It's the dead of winter and the other three seasons are but a frozen memory here in Whistler. But since the folks who designate International Days of Everything pay no heed to hemispheric seasonality, you're forgiven if you somehow missed marking down Feb. 2 in your when calendar as World Wetlands Day (though in the aftermath of the January-ending rainstorm that preceded it, you may well have been dealing with a de facto wetland in your own yard).
As with other designations of this sort, World Wetlands Day highlights something of global importance that requires more of our collective attention. Thus, the first question: Why are wetlands so important?
The list of answers is topped by this startling fact: these highly productive ecosystems where terrestrial and aquatic habitats meet cover only seven per cent of the planet, yet contain 40 per cent of the world's biodiversity. About a million species of plants and animals (e.g., molluscs, crustaceans, fish, amphibians, reptiles—particularly turtles and crocodilians—water birds and mammals) that live or breed in wetlands are threatened with extinction. Thus, loss of wetlands equals a net loss of biodiversity, while preserving or restoring them equals a hedge against this.
Wetlands are also a huge carbon sink—a natural solution to the effects of climate change and a support mechanism for a wide range of ecosystems. Mangrove and estuary wetlands that shield coastal areas from storms and floods sequester 50 times more carbon than tropical forests, and 30 per cent of land-based carbon is stored in bog peatlands. Swamps and marshes act as filters, cleaning water by removing pollutants and sediment. As natural sponges, wetlands both store and slowly release rainwater as a control against flooding and drought. In fact, wetlands annually provide US$47 trillion in essential services around the world, where a billion people depend on them for their food, water and livelihoods.
And yet, despite their obvious utility and key roles, wetlands continue to disappear globally three times faster than forests; 87 per cent gone since 1700—a shocking 35 per cent in the past 45 years. Key drivers of wetland loss include land conversion (drainage and infilling) and pollution. In the U.S., the environmentally criminal conservative government of Donald Trump recently reversed key tenets of the Clean Water Act that had protected wetlands, and Doug Ford's inept and uninformed "open for business" Conservative government in Ontario has made similar overtures.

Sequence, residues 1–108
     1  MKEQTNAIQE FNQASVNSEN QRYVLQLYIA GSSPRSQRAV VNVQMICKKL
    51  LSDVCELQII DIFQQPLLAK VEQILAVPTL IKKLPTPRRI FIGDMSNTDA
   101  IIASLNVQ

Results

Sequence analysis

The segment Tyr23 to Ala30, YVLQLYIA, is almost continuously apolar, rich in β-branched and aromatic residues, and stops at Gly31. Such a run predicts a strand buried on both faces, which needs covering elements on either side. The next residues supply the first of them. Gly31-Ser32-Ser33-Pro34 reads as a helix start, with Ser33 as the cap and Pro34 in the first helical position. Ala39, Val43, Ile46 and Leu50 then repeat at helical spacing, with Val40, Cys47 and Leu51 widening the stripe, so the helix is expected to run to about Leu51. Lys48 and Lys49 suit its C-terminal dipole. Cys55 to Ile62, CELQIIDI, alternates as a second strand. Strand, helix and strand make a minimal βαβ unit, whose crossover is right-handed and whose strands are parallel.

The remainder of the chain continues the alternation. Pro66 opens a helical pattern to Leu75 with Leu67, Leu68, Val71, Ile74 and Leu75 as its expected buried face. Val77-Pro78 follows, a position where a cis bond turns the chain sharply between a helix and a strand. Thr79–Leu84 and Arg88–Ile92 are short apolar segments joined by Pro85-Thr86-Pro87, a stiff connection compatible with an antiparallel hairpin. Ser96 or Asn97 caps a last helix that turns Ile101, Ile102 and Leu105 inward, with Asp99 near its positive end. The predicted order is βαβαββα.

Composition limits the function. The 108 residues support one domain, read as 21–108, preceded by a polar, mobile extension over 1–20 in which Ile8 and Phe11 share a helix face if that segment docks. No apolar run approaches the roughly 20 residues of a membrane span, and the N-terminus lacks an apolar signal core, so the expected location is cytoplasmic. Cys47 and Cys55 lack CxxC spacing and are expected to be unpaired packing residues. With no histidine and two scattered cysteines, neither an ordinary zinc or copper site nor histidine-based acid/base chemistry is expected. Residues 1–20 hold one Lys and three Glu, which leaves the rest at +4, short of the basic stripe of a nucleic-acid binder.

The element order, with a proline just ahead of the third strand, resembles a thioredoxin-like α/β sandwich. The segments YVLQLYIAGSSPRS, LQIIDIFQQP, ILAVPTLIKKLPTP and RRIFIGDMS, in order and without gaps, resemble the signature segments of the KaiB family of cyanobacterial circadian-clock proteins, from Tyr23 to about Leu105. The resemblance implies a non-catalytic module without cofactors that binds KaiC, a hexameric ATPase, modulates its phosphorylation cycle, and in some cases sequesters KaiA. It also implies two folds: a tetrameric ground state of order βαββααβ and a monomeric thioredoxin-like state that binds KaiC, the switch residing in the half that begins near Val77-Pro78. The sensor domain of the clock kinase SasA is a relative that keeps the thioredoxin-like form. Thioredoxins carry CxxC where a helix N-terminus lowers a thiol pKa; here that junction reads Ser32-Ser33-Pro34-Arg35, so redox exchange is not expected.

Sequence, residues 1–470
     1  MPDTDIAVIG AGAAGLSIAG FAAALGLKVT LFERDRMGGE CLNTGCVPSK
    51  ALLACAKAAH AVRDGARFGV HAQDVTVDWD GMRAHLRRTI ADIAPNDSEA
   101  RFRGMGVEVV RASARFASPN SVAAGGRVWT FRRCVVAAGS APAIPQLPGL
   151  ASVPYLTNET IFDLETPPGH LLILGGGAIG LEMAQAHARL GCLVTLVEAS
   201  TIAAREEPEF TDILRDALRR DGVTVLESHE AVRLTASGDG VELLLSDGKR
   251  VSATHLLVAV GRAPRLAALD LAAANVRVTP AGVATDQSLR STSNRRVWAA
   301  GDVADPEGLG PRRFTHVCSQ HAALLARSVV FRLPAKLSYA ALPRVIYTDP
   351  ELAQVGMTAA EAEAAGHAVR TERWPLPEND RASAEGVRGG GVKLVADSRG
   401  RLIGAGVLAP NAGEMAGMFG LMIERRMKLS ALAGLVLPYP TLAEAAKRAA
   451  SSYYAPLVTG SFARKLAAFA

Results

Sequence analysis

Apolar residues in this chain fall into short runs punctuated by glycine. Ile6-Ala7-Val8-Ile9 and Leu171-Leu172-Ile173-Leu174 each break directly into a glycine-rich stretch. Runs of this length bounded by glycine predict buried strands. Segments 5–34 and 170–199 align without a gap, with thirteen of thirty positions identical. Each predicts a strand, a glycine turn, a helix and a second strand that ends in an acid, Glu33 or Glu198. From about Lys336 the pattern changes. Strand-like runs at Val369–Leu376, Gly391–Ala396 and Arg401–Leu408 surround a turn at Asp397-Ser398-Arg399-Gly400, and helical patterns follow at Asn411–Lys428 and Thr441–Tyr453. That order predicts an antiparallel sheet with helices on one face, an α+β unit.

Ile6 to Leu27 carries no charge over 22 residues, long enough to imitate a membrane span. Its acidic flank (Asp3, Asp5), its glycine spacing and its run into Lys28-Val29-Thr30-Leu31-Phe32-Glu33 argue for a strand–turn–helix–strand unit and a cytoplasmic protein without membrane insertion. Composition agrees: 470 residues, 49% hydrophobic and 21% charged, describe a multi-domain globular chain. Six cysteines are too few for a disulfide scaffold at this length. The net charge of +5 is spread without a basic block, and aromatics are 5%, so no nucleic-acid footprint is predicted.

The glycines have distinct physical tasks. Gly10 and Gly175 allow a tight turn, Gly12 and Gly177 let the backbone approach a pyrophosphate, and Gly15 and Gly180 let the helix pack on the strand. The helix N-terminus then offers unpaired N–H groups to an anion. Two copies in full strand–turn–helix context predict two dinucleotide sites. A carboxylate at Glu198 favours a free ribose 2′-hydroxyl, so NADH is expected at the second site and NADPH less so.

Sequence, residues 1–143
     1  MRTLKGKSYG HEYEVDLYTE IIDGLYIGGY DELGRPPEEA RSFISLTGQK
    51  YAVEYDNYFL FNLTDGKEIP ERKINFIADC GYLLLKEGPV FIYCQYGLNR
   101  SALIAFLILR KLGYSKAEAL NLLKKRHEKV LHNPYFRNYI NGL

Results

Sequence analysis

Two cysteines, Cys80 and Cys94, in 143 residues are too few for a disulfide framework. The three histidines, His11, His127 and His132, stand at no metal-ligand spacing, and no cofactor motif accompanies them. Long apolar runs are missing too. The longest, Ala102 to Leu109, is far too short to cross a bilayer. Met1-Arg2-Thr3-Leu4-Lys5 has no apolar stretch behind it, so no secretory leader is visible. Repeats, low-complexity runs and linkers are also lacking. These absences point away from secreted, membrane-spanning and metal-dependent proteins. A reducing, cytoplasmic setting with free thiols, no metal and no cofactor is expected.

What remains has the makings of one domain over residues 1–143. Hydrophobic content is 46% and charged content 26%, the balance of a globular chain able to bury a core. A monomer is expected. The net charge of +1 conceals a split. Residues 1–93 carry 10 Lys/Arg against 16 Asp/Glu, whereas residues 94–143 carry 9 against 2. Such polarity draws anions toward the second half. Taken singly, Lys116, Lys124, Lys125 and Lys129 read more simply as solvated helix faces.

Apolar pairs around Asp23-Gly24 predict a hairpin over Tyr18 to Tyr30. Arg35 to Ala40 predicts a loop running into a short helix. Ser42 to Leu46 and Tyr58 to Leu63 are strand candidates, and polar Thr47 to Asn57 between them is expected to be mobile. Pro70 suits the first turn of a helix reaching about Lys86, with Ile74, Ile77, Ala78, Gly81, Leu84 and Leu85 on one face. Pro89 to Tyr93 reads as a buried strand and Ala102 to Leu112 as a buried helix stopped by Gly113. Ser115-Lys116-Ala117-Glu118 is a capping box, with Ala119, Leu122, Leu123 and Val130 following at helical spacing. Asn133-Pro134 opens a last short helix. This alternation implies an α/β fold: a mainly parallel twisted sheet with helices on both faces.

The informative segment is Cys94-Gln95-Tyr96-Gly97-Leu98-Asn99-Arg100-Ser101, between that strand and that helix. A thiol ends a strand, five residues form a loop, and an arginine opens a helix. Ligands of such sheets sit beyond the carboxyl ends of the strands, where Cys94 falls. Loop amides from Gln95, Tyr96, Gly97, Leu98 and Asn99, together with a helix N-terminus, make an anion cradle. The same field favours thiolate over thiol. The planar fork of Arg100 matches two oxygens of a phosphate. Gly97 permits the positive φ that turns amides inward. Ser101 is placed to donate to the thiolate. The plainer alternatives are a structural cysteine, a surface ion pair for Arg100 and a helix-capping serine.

Here in Whistler, 75 to 80 per cent of the valley's original wetlands have been lost to questionably planned development, so what remains should be considered functionally sacrosanct. And yet these continue to be abused: off-leash dogs root through fish-breeding areas in our lake parks, and invasive goldfish have been dumped into Millar's Pond and Pinecrest, Alpha, Nita and Alta Lakes—an ecological scourge given that goldfish eat the eggs and young of amphibians and both native and stocked game fish in shoreline wetlands.
I've spent a lot of time in wetlands, whether as a kid observing frogs and dragonflies, a graduate student studying salamanders, a canoeist making my way from lake to river to lake, or a science writer chasing a climate change or invasive species story, and what always captivates me most is their diversity. Words like swamp, marsh, bog and fen tend to be conflated in popular parlance, but each has its own definition based on chemistry, hydrology, seasonality and vegetation, and thus its own role to play.
Some of the world's most amazing wetlands are those that come and go from the landscape. The Okavango Delta in Botswana, for instance, a blind river mouth that floods a vast landscape once a year, is seasonal home to an enormous variety of wildlife and also a popular tourist attraction.
More permanent wetlands act as key waypoints in migratory pathways—like Saskatchewan's Chaplin/Old Wives/Reed Lakes area right on the TransCanada Highway, part of the Western Hemisphere Shorebird Reserve Network and one of the most important migratory bird sites in North America. Spanning 42,000 hectares, it includes the second largest inland saline water body in Canada where, each summer, over 30 shorebird species either nest or make a stop en route to the Arctic.
Scientists have long since come around to the Indigenous viewpoint that everything living is interconnected and has a purpose within that nexus. We need to educate from the earliest levels about such ecological thinking, whose prime directive is to support all species (and thus, their "function") in order to maintain balance in nature. Rather than thinking about them one day a year, actively respecting and protecting wetlands and their wildlife year-round would go a long way to achieving that.
Leslie Anthony is a science/environment writer and author who holds a doctorate in connecting the dots.